NESTA, SET, English Heritage, NATO/G8, Ministry of Defence, Department for Transport, NOAA c.£450,000 01.2005 - present
Visualising our Maritime Heritage
Main project collaborators
Dr Chris Rowland, DJCAD, University of Dundee (Visualisation Director)
Martin Dean, St Andrews University (Managing Director)
Mark Lawrence, Maritime Archaeologist, Sound of Mull Archaeological Project (SOMAP) (Finance and Technical Director)
Dr Chris Rowland (Visualisation Director)
John Anderson (Software Development Manager)
Context and background
Seven tenths of the earth’s surface is covered in water. Evidence of our maritime heritage can be found in the thousands of historic shipwrecks that lie beneath the oceans on the seabed around our coastline. Unlike land based heritage sites, the majority of these underwater locations are virtually invisible to the public gaze due to their inaccessible nature. In rare cases, e.g. the Mary Rose, the wrecks are recovered and placed in purpose built museums alongside artefacts recovered from them. The enormous cost of archaeological recovery, preservation and exposition restricts this practice. Many of the case study shipwrecks go beyond heritage; they are of environmental significance, either containing unexploded munitions, nuclear materials or large quantities of marine oil. An aesthetic approach to improving the visualisation of the data can help to inform risk assessment for recovery or containment of these hazardous materials.
Aims and objectives
Archaeological Diving Unit Surveys (ADUS) specialise in high-resolution multibeam sonar surveying and visualisation; they have developed a unique system for marine wreck visualization and analysis. Recent developments in sonar technology have provided opportunities for high resolution data to be gathered which can be used to produce accurate 3D images of these shipwreck sites.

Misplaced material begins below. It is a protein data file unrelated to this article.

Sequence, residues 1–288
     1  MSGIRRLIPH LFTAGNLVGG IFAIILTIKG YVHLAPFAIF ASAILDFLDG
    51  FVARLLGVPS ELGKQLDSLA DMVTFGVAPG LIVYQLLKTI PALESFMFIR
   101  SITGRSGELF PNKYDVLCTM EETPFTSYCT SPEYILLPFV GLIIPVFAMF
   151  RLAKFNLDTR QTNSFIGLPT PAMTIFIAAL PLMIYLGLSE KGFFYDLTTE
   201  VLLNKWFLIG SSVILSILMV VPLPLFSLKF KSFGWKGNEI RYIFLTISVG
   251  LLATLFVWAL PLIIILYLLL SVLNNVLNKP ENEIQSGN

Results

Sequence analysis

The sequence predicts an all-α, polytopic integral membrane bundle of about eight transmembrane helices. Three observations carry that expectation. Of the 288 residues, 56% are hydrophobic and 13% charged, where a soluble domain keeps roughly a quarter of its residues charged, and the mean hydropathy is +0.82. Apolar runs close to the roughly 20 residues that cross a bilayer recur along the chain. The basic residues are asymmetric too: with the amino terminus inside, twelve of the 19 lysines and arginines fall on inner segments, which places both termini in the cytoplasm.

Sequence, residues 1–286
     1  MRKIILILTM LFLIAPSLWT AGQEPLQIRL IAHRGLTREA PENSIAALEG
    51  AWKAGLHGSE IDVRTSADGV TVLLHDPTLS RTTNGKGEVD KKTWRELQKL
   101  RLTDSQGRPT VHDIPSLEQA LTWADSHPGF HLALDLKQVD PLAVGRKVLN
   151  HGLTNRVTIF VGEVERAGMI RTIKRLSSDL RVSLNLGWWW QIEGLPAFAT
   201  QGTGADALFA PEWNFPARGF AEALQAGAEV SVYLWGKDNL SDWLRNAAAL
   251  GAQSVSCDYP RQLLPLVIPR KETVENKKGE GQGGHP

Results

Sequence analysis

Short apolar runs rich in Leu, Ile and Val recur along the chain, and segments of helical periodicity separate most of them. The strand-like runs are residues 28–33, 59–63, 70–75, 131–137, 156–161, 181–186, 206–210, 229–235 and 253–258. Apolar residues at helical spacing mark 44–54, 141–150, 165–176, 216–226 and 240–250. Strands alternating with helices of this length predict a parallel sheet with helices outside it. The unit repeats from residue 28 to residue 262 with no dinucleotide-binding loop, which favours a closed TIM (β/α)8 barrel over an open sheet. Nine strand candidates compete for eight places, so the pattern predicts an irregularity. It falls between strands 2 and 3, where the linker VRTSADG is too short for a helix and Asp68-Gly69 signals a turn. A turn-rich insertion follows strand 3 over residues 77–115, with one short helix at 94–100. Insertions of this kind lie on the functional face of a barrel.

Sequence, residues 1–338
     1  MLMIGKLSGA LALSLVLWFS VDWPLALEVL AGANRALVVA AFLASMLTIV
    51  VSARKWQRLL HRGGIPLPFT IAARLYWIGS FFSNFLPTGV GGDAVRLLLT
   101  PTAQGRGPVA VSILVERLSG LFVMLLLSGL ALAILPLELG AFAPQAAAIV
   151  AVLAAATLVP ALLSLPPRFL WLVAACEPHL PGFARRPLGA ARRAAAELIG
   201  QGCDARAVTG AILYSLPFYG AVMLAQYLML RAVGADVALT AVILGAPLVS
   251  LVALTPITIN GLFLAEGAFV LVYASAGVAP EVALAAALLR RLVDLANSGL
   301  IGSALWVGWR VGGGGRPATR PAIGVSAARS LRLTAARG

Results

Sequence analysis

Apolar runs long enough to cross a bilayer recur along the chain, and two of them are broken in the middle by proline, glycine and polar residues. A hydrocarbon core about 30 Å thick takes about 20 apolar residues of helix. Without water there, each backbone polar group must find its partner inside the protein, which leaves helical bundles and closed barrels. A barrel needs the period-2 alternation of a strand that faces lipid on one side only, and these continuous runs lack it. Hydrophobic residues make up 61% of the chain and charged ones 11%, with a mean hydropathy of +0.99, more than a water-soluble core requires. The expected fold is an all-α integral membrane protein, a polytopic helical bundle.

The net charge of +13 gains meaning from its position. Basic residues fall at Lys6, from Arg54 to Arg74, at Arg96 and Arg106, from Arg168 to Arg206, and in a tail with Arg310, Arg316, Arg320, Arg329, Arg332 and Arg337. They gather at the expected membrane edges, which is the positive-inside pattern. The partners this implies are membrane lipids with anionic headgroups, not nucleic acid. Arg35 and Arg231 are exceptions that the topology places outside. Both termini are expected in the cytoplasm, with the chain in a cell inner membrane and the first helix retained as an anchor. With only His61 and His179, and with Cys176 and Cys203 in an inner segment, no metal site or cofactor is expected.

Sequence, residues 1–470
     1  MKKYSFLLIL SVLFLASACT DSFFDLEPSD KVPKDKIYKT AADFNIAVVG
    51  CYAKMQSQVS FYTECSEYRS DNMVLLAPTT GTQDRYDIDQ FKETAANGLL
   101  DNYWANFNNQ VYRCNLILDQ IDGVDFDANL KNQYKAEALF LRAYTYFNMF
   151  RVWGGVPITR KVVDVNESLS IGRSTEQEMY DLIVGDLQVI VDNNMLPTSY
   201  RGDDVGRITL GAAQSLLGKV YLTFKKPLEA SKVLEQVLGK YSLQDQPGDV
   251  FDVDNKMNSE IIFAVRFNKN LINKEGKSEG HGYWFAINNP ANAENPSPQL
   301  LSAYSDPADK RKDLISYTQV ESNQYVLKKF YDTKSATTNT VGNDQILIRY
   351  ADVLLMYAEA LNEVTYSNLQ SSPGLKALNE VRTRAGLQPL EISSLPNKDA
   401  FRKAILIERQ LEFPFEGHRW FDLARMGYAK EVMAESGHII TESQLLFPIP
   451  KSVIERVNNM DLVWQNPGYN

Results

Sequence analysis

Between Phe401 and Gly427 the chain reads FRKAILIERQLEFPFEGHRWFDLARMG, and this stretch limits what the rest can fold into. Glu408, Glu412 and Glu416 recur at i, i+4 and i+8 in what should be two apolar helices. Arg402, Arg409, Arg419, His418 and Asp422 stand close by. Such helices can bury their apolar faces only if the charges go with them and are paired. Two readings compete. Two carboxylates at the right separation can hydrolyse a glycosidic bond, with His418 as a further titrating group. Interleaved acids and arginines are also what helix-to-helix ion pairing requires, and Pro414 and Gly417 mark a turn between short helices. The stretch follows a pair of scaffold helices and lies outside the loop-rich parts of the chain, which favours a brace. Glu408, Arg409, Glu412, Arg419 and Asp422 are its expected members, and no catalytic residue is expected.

Novel aesthetic approaches to visualising data can make submerged maritime heritage more accessible to the general public. Re-tasking 3D animation techniques can improve the viewer’s understanding of complex underwater scenes. Software tools have been developed for the aesthetic rendering of sonar data which enables far clearer and more vivid visualization of the wreck, and the impact it is having in the local marine environment.
DUS have developed WreckSight™ software to help make wrecks more understandable to those responsible for their management or removal. The international salvage industry uses the application to plan the recovery of hazardous wrecks. WreckSight™ also makes selected wrecks more accessible to sport divers. The software can be used as a planning tool or as a way to recreate a dive by inserting a shot line and way points along the track a diver or ROV has taken. In the heritage sector, maritime archaeologists use WreckSight™ to help map the wreck and mark locations where artefacts have been recovered.
ADUS have been commissioned by government departments, English Heritage and other bodies to provide visualizations of shipwrecks such as HMS Royal Oak, and the Stirling Castle, a battleship that sank in 1703.
In June 2007 a Russian frigate, with the aid of a G8-funded international team and NATO unmanned submarine, embarked on a mission to locate Russian nuclear submarine B159 which sank four years earlier with the loss of all ten crew. The international team, which included members of ADUS, aimed to search and identify the condition of the wreck, in particular the condition of the submarine’s two nuclear reactors. This work for the Russian government showed that the submarine, although damaged, is relatively intact and viable for recovery.
ADUS have recently used this unique system to visualise the Deepwater Horizon oil rig, which lies a mile beneath the sea in the Gulf of Mexico, after causing the biggest oil spill in US history in April 2010.
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